Group advances equity on campus, community

By Arthur Andrew
Flapjack staff

A diverse group of all races and ages sit attentively in the Kate Buchanan Room in the middle of many busy work and school schedules to discuss a very important issue at HSU and the nation right now. Over the next 15 months the Equity Alliance of the North Coast will be leading training sessions at HSU to lead improvements in racial and social equity. On Sept. 19 Julia Nelson, Dwayne S. Marsh, and Brenda Anibarro led a discussion and workshop on Advancing Equity through a Racial Lens: Putting Theory into Action.

“Racial inequities are a norm across the country,” stated Julia Nelson who is the Senior Vice-President for the Center for Social Inclusion and director of the Government Alliance on Race and Equity. With decades of experience working towards social equity, Nelson explained how she got involved working towards racial equity as a white woman. “I became a young activist in college after being sexually assaulted my first week of school,” said Nelson. The room became totally silent and all attention was placed on Nelson’s next words. Nelson explained how her experience led her to become active with others preventing violence against women. Through numerous trainings and hearing the stories of others, Nelson discovered the areas of marginalization in all areas of society. “Some of the worst racial inequity exists in places that identify as progressive,” explained Nelson, showing the importance of advancing equity on campus and in the community.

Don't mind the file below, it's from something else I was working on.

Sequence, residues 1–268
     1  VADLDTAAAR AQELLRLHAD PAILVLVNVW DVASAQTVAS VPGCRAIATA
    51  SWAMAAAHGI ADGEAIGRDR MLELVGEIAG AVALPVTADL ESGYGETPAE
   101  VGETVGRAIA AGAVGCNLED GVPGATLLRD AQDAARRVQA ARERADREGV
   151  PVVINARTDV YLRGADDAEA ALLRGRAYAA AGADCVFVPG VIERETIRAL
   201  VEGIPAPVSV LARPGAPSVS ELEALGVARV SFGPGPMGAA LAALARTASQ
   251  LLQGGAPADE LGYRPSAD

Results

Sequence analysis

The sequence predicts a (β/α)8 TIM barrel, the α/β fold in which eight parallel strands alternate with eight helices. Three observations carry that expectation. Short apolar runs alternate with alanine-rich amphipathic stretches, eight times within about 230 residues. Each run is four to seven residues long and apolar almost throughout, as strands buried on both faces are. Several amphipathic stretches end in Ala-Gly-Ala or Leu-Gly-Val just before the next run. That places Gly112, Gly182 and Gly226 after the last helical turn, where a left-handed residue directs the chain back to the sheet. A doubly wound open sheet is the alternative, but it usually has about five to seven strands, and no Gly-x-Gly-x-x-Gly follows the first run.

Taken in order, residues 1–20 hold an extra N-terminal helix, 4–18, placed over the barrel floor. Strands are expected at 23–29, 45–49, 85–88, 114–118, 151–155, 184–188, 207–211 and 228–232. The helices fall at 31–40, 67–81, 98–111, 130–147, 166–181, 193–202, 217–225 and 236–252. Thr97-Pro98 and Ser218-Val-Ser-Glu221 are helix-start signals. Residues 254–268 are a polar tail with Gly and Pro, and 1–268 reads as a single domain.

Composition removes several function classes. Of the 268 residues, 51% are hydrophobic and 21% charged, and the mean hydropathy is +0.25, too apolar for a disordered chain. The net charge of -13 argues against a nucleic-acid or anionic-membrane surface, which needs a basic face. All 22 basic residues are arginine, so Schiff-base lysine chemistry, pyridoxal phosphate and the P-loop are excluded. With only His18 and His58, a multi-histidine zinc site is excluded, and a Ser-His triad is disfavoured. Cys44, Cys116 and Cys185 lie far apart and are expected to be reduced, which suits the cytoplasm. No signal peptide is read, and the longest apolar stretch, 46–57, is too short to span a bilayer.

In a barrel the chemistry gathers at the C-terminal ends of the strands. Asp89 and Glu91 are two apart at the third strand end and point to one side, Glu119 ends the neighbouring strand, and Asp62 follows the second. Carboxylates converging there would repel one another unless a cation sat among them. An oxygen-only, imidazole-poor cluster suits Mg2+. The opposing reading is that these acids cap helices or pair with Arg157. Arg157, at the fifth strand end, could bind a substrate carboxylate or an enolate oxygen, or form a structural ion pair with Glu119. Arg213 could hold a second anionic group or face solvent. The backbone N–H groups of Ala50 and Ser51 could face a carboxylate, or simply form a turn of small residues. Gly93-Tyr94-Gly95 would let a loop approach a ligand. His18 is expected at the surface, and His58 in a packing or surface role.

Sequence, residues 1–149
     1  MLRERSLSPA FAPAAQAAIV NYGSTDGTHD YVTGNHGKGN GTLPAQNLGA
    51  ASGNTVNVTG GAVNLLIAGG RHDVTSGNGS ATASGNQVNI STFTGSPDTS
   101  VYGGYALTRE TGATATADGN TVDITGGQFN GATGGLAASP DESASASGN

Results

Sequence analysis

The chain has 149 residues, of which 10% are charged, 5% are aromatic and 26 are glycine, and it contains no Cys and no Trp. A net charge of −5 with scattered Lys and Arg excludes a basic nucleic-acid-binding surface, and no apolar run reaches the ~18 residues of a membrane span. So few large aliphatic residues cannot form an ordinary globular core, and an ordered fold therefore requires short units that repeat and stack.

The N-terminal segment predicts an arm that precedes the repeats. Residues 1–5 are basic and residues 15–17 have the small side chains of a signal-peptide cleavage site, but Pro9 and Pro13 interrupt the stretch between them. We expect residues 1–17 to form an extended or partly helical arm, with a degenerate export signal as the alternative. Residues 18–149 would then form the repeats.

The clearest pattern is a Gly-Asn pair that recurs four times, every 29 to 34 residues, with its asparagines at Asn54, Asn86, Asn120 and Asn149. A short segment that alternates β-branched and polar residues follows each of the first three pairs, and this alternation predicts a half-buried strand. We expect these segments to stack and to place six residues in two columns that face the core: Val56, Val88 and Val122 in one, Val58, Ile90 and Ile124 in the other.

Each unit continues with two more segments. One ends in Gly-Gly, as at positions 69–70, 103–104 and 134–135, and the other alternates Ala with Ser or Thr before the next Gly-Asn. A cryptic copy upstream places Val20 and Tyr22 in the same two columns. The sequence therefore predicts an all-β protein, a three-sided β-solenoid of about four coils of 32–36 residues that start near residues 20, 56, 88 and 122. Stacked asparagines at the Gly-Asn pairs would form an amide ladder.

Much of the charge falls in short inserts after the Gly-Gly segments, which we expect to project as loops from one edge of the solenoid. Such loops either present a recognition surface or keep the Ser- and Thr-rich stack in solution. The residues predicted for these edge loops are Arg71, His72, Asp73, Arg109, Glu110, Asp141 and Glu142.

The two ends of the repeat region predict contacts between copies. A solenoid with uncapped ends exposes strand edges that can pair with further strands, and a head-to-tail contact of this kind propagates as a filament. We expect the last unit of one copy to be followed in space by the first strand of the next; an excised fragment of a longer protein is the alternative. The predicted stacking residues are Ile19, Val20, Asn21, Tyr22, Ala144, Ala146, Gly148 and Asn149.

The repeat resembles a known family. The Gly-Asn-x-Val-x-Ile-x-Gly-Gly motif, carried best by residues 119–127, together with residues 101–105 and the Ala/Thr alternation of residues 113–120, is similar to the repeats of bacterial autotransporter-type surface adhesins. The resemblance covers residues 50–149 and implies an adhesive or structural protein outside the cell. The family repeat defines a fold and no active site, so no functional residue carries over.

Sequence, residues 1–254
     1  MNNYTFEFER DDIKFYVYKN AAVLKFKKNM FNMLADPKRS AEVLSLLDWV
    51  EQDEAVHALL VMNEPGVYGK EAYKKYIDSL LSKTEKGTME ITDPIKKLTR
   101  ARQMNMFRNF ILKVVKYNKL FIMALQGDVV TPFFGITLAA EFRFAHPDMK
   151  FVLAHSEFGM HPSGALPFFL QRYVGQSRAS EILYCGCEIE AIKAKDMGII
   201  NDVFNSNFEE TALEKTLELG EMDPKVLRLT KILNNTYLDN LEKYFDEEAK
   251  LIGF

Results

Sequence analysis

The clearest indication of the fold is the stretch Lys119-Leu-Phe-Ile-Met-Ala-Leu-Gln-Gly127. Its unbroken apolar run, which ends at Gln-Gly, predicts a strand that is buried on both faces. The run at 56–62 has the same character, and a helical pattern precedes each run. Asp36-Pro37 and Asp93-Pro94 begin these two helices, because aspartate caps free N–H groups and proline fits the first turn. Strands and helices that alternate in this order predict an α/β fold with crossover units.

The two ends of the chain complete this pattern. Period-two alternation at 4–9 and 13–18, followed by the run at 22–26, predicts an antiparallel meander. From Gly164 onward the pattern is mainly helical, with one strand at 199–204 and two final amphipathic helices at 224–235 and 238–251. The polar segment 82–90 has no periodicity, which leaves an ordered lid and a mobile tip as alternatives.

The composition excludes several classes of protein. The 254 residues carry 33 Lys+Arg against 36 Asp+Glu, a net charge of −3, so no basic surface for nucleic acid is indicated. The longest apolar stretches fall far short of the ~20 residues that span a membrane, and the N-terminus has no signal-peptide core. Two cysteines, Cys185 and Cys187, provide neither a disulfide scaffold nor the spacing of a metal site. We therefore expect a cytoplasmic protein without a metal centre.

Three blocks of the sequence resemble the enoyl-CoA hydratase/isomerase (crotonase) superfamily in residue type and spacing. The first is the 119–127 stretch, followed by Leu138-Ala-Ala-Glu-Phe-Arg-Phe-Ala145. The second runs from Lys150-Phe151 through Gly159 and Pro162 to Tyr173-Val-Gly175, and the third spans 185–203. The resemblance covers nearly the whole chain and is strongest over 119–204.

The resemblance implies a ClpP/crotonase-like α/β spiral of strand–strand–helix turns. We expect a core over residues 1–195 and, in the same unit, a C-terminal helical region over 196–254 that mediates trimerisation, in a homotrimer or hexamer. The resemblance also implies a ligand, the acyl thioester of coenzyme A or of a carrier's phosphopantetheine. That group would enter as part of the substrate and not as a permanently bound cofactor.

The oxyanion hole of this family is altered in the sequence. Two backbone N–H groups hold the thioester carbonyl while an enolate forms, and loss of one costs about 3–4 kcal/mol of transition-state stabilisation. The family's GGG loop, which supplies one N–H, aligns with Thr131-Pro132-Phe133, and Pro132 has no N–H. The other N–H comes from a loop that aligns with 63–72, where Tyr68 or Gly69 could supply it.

As Vice-President of Strategic Partnerships for the Center for Social Inclusion as well as Deputy Director for Government Alliance on Race and Equity, sociologist Dwayne S. Marsh led the attendees through a fun, eye opening activity. Marsh asked the audience questions such as “Are people who engage in public meetings are the ones who care most about the issues?” and “Should hiring and promotion decisions should be based solely on merit?” while grouping individuals into those who agreed, disagreed, or were on the fence. Asking individuals why they agreed or disagreed allowed participants to share their views while highlighting on the institutionalization of inequity present in so many dominant social systems today. “90% of people say they want to have conversations with their neighbors about race,” stated Marsh. “90% of people say their neighbors are not ready.” When we normalize the conversations around race, we can begin to operationalize and organize.

HSU sociology major Zachary Kihm attended the event on Monday and found many of the tools mentioned very helpful.

“Employing the “racial equity tool” was interesting to hear about and did illustrate how the several stages of society – community, local government and institutions, and larger government and institution – are to work together,” Kihm explained. “But my fear is that bureaucracies will eventually take charge which is not good.” Just which direction these events will take the campus and community is exciting in itself. There are more events planned within the next few months. Hopefully, the number of participants will increase and the conversations continue to expand. To find out the schedule for more free events at HSU visit http://www.hafoundation.org/Community-Leadership/EquityNorthCoast.

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